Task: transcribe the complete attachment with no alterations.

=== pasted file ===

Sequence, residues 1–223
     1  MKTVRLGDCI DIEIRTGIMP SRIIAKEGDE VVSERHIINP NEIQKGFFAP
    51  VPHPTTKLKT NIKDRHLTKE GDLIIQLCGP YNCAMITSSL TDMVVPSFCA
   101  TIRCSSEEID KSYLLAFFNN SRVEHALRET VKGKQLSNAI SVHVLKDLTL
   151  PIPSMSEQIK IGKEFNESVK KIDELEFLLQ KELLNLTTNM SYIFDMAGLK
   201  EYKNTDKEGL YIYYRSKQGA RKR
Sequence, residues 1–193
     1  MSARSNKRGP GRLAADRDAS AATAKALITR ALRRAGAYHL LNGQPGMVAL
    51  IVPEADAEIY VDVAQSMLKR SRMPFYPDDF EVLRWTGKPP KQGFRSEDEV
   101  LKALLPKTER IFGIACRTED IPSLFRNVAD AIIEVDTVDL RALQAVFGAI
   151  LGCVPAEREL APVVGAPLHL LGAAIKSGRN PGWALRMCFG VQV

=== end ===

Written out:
Sequence, residues 1–223
     1  MKTVRLGDCI DIEIRTGIMP SRIIAKEGDE VVSERHIINP NEIQKGFFAP
    51  VPHPTTKLKT NIKDRHLTKE GDLIIQLCGP YNCAMITSSL TDMVVPSFCA
   101  TIRCSSEEID KSYLLAFFNN SRVEHALRET VKGKQLSNAI SVHVLKDLTL
   151  PIPSMSEQIK IGKEFNESVK KIDELEFLLQ KELLNLTTNM SYIFDMAGLK
   201  EYKNTDKEGL YIYYRSKQGA RKR
Sequence, residues 1–193
     1  MSARSNKRGP GRLAADRDAS AATAKALITR ALRRAGAYHL LNGQPGMVAL
    51  IVPEADAEIY VDVAQSMLKR SRMPFYPDDF EVLRWTGKPP KQGFRSEDEV
   101  LKALLPKTER IFGIACRTED IPSLFRNVAD AIIEVDTVDL RALQAVFGAI
   151  LGCVPAEREL APVVGAPLHL LGAAIKSGRN PGWALRMCFG VQV